- The Washington Times - Tuesday, May 17, 2016

The Senate is poised to approve $1.1 billion to combat the Zika virus — but rejected a move Tuesday to pay for the new spending, after Democrats said there is neither the time nor enough waste to cut elsewhere in the country’s $4 trillion budget.

Senators voted 68-29 to head off a potential filibuster of the Zika money, clearing the way to attach the spending as part of a bill that will fund transportation and housing agencies next year.

President Obama wants far more money — some $1.9 billion — but the Senate rejected that figure.

Democratic senators also rejected a GOP-led effort to siphon money from Obamacare to pay for the effort, with the White House saying the mosquito-borne virus is such a danger that the money should be spent immediately, and the price tag tacked onto the debt.

“Traditionally, when Congress has been faced with a public health emergency, they haven’t wasted a lot of time looking for funding offsets. And that’s a pretty dangerous exercise because it delays the needed funding but it also risks gutting other critical priorities,” White House press secretary Josh Earnest said.

Fiscal conservatives say that approach is irresponsible, but the administration and its Democratic allies said they didn’t want to search the federal budget for offsets.

Mr. Obama submitted his Zika request to Congress about three months ago. He still insists that scientists need almost $2 billion to develop and better diagnostic test and vaccine for Zika, which causes birth defects, while bolstering efforts to kill the mosquitoes that ferry the virus.

Sen. Roy Blunt, a Missouri Republican who negotiated the $1.1 billion compromise, said he axed parts of the president’s request that were unnecessary or couldn’t be enacted on an emergency basis.

The Senate still has to adopt the package as part of the funding bill. Once it has, GOP leaders plan to meld their proposal with a House proposal that uses $352 million in leftover funds from the Ebola fight in West Africa and $270 million from other health accounts to fight Zika.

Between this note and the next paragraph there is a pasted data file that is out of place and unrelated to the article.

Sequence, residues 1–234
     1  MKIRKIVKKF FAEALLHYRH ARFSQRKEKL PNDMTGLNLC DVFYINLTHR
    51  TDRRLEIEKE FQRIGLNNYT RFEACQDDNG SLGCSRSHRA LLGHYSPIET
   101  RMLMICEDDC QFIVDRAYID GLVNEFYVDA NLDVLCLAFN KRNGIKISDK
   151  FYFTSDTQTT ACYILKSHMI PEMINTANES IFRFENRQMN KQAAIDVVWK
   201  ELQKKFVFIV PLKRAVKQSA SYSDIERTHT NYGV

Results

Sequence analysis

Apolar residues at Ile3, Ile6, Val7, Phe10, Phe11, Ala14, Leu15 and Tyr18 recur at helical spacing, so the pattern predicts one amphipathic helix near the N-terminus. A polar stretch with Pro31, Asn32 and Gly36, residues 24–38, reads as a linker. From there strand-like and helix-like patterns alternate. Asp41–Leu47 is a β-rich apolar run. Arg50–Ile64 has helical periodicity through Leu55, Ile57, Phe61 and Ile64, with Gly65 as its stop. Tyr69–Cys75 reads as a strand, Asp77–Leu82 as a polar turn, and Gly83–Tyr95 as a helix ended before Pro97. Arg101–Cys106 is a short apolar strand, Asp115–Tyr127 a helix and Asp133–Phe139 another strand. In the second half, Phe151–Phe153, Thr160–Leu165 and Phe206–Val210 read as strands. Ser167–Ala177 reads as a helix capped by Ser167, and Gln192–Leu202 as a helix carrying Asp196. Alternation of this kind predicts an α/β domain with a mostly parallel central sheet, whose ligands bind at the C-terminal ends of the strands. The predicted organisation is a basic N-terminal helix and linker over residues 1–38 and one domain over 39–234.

Mr. Obama threatened Tuesday to veto the House bill, saying it and would undermine efforts to stamp out the Ebola and avoid a repeat of the outbreak that killed thousands in Liberia, Sierra Leone and Guinea.

The administration wants to backfill the $510 million it already took from the Ebola fight, rather than tap that account again.

As it stands, the Centers for Disease Control and Prevention have recorded 500 travel-related cases of Zika in the states and the District, a handful of them through sexual transmission, and scientists say the virus could puncture the mainland further once temperatures climb and disease-carrying mosquitoes flourish.

Florida has reported about a fifth of the cases so far, prompting Sen. Marco Rubio to break with his GOP colleagues and support the $1.9 billion funding level, though he tried to distance himself from the administration’s plan.

“Fine, it came from the White House,” Mr. Rubio, a former presidential candidate, said Tuesday. “But it’s really the scientists’ request, the doctors’ request, the public health sector’s request for how to address this issue.”

Three Republicans facing re-election this year — Sens. Kelly Ayotte of New Hampshire, Mark Kirk of Illinois and Rob Portman of Ohio — joined Mr. Rubio in supporting the $1.9 billion measure, as did Sen. Bill Cassidy, a Louisiana Republican whose state is vulnerable to Aedes aegypti mosquitoes that carry Zika.

Every Republican who voted Tuesday backed an amendment by Sen. John Cornyn, Texas Republican, to cover Zika costs with prevention and public health funds from the Health and Human Services Department.

It failed to get the 60 votes needed to advance, 52-45, after one Senate Democrat blasted the option as “even dumber” than the $1.1 billion option that fell $800 million short of Mr. Obama’s request.

“You heard that right,” said Sen. Elizabeth Warren, Massachusetts Democrat. “Some Senate Republicans think the best way to fund America’s emergency response to the Zika virus is to rob from America’s front line responders who help identify and track infectious disease like the Zika virus.”

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